What are the dimensions of the proton's substructure?

I was looking over the "Visualizing the Proton" videos that MIT put out a few years ago, where the collision data from CEBAF, etc. was turned into a visual representation of quarks, gluons and the rest.

The video is nice, but there's no actual dimensions on any of it. I get that it's just a representation, and not necessarily reality, but:

1. What's the average/maximal distance between a quark and the centre of the image/proton when "X=0.3"? (22 seconds into the video)

2. What's the width of the quark itself? Do up and down quarks have different widths?

Note: I understand that the proton is a composite particle, better described as a probability space rather than a distinct "shape" like a macroscopic object (an apple, box, etc.). The MIT depiction implies that this probability distribution still has a superstructure though, and so I'm wondering specifically what the distance between components would be in this view.

Edit: This video by Vitaly Velizhanin doesn't quite answer my question, but does go through deep inelastic scattering in detail and helps dispel some misconceptions I had. It seems as though most of the depiction of the quarks and their connections in the MIT video was artistic license, and the MIT video doesn't rely on specific measurements for the distance between quarks or the probability radius of the quarks themselves.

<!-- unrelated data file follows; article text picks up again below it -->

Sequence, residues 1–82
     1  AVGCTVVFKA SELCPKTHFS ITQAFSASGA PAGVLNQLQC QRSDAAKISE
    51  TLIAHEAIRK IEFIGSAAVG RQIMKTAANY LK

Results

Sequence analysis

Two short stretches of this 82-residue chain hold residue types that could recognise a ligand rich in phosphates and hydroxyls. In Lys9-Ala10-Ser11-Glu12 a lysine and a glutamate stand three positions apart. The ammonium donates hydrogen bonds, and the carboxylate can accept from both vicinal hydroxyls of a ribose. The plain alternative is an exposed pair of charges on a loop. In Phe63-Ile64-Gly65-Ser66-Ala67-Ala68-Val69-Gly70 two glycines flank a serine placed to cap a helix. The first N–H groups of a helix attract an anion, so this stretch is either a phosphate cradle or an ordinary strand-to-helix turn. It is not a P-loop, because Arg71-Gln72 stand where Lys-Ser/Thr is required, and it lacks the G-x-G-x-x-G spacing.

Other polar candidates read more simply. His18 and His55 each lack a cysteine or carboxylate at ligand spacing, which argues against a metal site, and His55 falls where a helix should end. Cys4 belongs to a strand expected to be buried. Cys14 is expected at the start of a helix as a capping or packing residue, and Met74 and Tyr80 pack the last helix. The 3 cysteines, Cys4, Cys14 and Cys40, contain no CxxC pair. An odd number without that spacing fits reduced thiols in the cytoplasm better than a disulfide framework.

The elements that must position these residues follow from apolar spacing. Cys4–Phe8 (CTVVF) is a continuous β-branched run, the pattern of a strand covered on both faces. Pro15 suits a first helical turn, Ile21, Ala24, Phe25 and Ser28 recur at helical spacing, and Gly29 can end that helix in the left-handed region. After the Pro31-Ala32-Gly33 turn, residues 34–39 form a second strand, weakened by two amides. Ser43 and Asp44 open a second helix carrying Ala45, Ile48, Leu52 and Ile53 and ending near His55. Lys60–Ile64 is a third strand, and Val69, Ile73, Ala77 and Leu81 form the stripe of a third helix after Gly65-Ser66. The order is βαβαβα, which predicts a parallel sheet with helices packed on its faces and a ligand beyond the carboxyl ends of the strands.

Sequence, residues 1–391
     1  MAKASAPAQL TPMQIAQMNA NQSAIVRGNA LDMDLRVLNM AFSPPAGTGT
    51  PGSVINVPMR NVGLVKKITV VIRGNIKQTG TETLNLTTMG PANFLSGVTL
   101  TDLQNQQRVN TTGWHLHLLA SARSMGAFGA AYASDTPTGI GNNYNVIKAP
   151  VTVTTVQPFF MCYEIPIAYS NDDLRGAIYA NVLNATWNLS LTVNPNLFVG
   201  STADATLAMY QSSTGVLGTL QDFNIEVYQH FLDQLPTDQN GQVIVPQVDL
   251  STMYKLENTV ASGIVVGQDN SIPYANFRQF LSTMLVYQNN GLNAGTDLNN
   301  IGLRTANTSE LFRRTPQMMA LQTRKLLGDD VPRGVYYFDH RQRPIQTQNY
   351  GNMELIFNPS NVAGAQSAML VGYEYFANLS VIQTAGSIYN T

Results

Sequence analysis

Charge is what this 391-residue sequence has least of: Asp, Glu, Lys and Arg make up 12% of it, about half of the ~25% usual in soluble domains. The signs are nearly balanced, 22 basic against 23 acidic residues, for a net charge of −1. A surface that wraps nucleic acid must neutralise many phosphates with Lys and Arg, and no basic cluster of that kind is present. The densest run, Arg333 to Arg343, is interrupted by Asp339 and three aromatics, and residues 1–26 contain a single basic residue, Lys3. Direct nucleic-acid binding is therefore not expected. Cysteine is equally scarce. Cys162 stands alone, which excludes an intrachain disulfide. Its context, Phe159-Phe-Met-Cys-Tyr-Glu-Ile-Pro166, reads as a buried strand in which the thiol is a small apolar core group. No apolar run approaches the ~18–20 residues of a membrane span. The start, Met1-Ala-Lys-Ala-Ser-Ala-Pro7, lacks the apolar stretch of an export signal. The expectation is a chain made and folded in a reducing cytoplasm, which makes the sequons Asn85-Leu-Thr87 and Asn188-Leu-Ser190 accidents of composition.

I've also updated the title, since the original title "What is the size of the proton?" doesn't actually match up with what is being asked.

• One note, careful with the word width as that has an entirely different meaning in high energy particle physics where it is commonly used in the term "decay width" in terms of particle decay rates/lifetimes. Commented Dec 12, 2022 at 19:10
• This video goes into a bit more popular-science-level detail about what the animation is doing. Commented Dec 12, 2022 at 20:35
• The proton is not a point particle and has a charge radius a bit less than 1 fm. (The exact value of the proton radius was a bit of a puzzle a few years ago, but this was over experiments using different methods that disagreed at the few percent level.) As far as we know, the quarks inside the proton are point particles. The up and down valence quarks momentum distributions within the proton are very similar but not exactly the same; see "Understanding the Parton Distribution Functions". Commented Dec 12, 2022 at 21:15
• The distribution of quarks doesn't seem to be random though, at least in this representation. They have defined locations within the proton (or more likely the proton's charge radius?), which means their average/most likely positions should be determinable. Is the answer just to assume that the width of the circle at 22 sec is twice the proton's charge radius, then extrapolate? Commented Dec 12, 2022 at 21:36
• Accepted rms charge radius of proton is about 0.8 fm. Commented Dec 13, 2022 at 9:57